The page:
Dear friends and supporters of BTS,
I hope that things are going well for all of you! I heard that the spring weather is finally coming, so I hope that all of you are coming out of our Canadian "hibernation" and enjoying the outdoors.
For the past two months I have been volunteering as part of the community-based accompaniment team in Guatemala with CAIG/Aco-Guate. We accompany genocide survivors and witnesses, in the hope of creating more space within which they can continue their struggle for social justice.
My observations and experiences so far have significantly challenged pre-conceived notions I didn�t even realize I had. Like any good learning experience, it seems that so often I reflect on my experiences with the statement: "oh...I never thought about it that way before..."
In my region of long-term accompaniment we have been fortunate enough to witness the beginning of a precedent-setting trial. For the first time, an army collaborator is being tried for forced disappearance. Several people from Choatalum - a community that we have been accompanying for several years - have launched a case against ex-military comisioner Felipe Cusanero Coj, who is responsible for the forced disappearance of at least six community members between 1982 and 1984. Like so many other men who collaborated with the military during the armed conflict, Felipe is currently in a position of political power. He is currently the mayor of Choatalum.
Being able to accompany witnesses to trial, and being able to listen to their testimonies in front of a judge, the accused, and a courtroom full of people is incredibly powerful. But then to accompany them back home to witness their family life is indescribable - a definite privilege. Through this process I have come to realize several things. It is easy to victimize people here, classifying them only as genocide witnesses. However, it is just as easy to categorize them as the "super hero champion defenders" of human rights. I�ve caught myself doing that several times - allowing my pre-conceived notions of what it means to live with the memories of a genocide, and the daily reality that is still so affected by it, to cloud my willingess to see the complexities involved.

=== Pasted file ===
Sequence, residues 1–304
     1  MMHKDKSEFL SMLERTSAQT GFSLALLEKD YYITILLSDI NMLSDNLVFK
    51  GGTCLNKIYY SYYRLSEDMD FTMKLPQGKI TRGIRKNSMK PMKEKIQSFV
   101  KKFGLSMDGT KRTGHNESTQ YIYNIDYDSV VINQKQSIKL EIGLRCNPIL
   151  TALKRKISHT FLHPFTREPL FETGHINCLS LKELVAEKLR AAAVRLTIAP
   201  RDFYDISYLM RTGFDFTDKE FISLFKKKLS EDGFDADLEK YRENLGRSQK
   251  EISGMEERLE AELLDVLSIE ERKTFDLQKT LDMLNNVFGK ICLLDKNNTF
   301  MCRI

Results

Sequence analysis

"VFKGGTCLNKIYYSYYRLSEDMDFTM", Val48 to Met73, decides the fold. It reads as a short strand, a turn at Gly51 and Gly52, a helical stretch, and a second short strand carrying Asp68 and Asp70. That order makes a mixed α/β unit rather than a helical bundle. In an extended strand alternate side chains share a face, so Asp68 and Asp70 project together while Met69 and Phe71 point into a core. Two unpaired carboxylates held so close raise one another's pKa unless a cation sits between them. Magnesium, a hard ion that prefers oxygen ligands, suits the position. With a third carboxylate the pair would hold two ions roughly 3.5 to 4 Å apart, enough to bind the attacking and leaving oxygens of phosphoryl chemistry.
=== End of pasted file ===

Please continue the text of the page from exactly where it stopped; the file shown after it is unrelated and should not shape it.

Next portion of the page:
The week before the trial began the lawyers had a meeting with the main witnesses, and I left the meeting feeling quite frustrated. Some of the women were angry, saying they didn�t know if they could find the time to appear in court sometime within the next week to testify.
I greately admired the patience of the lawyers.
Through several conversations with them, I came to realize some of the immense pressures that these women are under because of their decision to testify. Not only do they have to deal with the intense emotions of talking about the forced disappearance of their husband (or son, or daughter, or father, or mother), they also have to deal with the reality that they live in the same community as the perpetrator of these crimes - in one case, on the same street.
Some have husbands who have very fixed ideas on the roles of women, and those ideas definitely do not include being in a courtroom. Others believe that justice lies only in the hands of God, and they see their wives pushing for social justice as an embarassment (at best). There is still a lot of fear and confusion in the community, and some think that the accused has the power to bring back the army. Then, ontop of it all, most of the women have families (many with very small children), and literally they do not have the ability to leave the house much.
Digging a little deeper and becoming aware of all of these pressures completely changed my perspective. Being able to gain slightly more insight into what the "brave survivor" actually means has been an amazing experience. And, realizing that there is still a lot of fear, yet people remain willing to act, is so much more inspiring than if those pressures weren't there.
Accompaniment has been filled with amazing experiences, and I look forward to sharing more with all of you within the next three months.
Thanks again to all of those who have - and continue - to support both myself and other accompaniers. It is always great to hear from people back home.
Take good care.
Un fuerte abrazo,